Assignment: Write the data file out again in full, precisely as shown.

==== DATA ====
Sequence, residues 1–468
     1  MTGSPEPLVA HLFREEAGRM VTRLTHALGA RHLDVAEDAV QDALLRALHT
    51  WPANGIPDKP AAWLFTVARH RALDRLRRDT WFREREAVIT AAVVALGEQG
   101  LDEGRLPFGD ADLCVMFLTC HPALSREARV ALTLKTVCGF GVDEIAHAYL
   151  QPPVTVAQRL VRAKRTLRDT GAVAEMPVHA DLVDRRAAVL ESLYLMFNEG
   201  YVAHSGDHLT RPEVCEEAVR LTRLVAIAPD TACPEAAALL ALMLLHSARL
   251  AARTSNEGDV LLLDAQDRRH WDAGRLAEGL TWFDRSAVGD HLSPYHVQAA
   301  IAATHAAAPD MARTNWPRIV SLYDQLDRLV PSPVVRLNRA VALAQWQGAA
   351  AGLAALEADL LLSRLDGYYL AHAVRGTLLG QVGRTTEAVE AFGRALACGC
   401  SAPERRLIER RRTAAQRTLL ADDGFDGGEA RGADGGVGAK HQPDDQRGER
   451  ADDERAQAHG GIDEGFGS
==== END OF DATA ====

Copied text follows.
Sequence, residues 1–468
     1  MTGSPEPLVA HLFREEAGRM VTRLTHALGA RHLDVAEDAV QDALLRALHT
    51  WPANGIPDKP AAWLFTVARH RALDRLRRDT WFREREAVIT AAVVALGEQG
   101  LDEGRLPFGD ADLCVMFLTC HPALSREARV ALTLKTVCGF GVDEIAHAYL
   151  QPPVTVAQRL VRAKRTLRDT GAVAEMPVHA DLVDRRAAVL ESLYLMFNEG
   201  YVAHSGDHLT RPEVCEEAVR LTRLVAIAPD TACPEAAALL ALMLLHSARL
   251  AARTSNEGDV LLLDAQDRRH WDAGRLAEGL TWFDRSAVGD HLSPYHVQAA
   301  IAATHAAAPD MARTNWPRIV SLYDQLDRLV PSPVVRLNRA VALAQWQGAA
   351  AGLAALEADL LLSRLDGYYL AHAVRGTLLG QVGRTTEAVE AFGRALACGC
   401  SAPERRLIER RRTAAQRTLL ADDGFDGGEA RGADGGVGAK HQPDDQRGER
   451  ADDERAQAHG GIDEGFGS